Although I am by no means a minimalist, I am often very inspired by the principles behind it. I believe that clutter causes undue stress and makes it exponentially more difficult to maintain a clean and organized space. In particular I like Marie Kondo’s, (the author of The Life-Changing Magic of Tiding up) advice that you should only keep things that spark joy. Although David thought the idea was pretty cheesy, I know that it’s easy for your favorite things (those spark joy) to be drowned out by other things that accumulate. For example, for my birthday I received a beautiful china cabinet. However, since it is close to the door it often becomes a dumping ground for junk mail which detracts from its beauty. Another example is when I clean out my closet and find that some of my favorite pieces have gotten pushed to the back while things that do not fit or make me feel good are in the front. Having less not only streamlines your life but it also helps you more fully appreciate the things you have left.
I think that the key is changing the way you look at the things around you. Your possessions were meant to serve you not to be a burden. You should not feel guilty about donating, selling or getting rid of items that no longer serve a purpose. I specifically appreciated this advice as it pertains to gifts. She explains that the purpose behind a gift is as an expression of the giver’s feelings toward you. One a gift has been given it has already served its intended purpose and it is okay to part with it. Another piece of advice that I heard somewhere (not in her book) was to think of shops as a place to store miscellaneous things instead of in your own home. For example, instead of keeping lots of extra craft supplies, tools, power cords etc. around that you might use in the future you can part with those items and then if the need arises you can go to Hobby Lobby, Lowes or Walmart and purchase it again. Although this sounded very wasteful at first, she explained that she thought of it as paying them a small price to keep all of her craft supplies, small tools and miscellaneous items organized. In addition, it is possible that you might store something for many years and never use it. Or worse, it might become buried and then you go out and purchase a replacement anyways.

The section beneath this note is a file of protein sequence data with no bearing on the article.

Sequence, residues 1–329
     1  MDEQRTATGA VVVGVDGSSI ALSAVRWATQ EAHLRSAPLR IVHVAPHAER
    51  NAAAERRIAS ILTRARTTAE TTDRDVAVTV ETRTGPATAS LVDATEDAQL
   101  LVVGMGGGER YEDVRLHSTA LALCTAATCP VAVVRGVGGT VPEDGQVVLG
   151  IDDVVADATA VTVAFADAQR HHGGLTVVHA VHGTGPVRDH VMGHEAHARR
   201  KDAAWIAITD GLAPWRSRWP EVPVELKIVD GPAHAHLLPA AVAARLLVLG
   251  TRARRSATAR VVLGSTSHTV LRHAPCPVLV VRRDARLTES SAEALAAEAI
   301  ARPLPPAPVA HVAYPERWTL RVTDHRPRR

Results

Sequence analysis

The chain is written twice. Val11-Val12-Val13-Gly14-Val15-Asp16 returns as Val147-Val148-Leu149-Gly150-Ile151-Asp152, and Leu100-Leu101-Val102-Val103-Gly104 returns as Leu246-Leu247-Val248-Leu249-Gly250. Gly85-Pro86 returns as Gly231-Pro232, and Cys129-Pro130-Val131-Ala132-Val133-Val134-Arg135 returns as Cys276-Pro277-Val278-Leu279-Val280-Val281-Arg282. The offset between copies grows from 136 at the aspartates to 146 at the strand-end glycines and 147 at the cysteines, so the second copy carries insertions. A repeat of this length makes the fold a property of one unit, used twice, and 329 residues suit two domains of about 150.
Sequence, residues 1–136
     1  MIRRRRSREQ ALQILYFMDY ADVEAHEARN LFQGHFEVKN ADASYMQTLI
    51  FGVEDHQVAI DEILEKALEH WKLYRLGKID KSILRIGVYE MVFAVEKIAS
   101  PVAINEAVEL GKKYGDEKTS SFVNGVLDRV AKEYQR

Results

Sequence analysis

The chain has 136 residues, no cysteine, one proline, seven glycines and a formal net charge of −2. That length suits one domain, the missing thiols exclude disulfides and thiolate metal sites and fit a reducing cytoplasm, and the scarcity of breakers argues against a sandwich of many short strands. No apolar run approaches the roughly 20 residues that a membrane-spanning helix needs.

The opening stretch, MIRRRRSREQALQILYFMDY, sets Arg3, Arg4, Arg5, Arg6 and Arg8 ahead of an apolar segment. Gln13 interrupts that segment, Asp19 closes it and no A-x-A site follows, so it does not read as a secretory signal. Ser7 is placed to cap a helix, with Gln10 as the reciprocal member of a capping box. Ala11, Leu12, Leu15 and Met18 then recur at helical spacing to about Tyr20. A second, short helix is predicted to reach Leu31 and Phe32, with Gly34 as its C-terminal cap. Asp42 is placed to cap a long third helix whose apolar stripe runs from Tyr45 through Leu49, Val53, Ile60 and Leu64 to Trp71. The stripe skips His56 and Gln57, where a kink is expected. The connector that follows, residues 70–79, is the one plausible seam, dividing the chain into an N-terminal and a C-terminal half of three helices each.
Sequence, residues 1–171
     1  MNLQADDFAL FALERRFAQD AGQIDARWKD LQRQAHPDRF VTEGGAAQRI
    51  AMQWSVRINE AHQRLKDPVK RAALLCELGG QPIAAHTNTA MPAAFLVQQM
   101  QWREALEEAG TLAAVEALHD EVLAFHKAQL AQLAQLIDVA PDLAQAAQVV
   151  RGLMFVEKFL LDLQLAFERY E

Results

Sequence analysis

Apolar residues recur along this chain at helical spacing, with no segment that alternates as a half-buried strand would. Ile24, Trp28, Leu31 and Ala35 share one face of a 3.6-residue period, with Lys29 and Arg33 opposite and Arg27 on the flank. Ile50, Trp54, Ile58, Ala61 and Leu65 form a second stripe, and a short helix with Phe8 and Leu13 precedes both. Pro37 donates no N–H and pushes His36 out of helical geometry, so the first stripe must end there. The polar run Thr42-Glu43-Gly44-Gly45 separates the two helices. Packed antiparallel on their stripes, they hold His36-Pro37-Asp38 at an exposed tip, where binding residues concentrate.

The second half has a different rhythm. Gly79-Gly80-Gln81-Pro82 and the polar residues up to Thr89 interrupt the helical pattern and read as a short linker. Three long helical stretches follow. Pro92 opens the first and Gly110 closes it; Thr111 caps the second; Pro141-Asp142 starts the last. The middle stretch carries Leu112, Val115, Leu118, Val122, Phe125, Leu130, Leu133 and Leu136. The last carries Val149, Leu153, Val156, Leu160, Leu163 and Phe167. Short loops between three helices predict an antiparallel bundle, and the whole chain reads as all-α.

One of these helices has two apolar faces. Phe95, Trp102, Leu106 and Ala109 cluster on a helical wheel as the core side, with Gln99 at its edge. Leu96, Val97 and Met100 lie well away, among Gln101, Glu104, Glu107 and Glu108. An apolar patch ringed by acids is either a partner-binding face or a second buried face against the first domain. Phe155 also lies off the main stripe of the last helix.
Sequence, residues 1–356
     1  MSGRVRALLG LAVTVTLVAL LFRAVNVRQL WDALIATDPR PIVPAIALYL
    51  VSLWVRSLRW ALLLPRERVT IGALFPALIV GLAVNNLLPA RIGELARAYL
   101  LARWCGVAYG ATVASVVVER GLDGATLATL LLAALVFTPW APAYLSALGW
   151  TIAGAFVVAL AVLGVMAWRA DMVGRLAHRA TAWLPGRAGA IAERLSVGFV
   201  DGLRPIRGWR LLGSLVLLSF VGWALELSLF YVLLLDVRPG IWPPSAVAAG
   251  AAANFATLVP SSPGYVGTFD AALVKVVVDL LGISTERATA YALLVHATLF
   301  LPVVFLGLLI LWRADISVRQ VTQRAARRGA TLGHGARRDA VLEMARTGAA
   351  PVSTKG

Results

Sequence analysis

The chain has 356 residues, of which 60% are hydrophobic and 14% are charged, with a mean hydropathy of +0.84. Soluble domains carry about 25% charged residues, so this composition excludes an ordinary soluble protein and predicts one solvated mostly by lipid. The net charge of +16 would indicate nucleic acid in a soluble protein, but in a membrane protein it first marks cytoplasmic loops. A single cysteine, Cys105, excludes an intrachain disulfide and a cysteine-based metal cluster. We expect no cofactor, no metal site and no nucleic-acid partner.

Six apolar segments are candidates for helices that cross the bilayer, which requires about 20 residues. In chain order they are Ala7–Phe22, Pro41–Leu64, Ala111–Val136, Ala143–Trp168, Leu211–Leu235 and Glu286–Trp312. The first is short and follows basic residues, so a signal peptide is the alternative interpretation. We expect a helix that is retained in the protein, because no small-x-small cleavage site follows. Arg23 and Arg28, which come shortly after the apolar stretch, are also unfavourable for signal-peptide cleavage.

With that said, one of the major problem areas in our home has always been our dresser drawers. Even though I dutifully fold the laundry and put it away, it never ceases to amaze me how quickly the clothes become a wadded mess. That is why when I saw a video of Marie Kondo folding clothes I immediately took everything out of our drawers and re-folded it. You can watch it here. I have tried many different organization methods and often find that they simply do not last or that they are more of a hassle than a help. However, after three weeks our dresser is still organized and tidy. I believe that the main benefit is that being able to see everything in the drawers keeps us from pillaging through for that certain item we need. Unfortunately, I did not think to take before pictures until I was almost done. However, David’s sock drawer has NEVER closed until I started using this folding method. I am proud to say that I have been able to keep the drawer closed for three weeks now. I hope that you feel inspired to tackle whatever problem areas you have in your home!
Thanks for reading!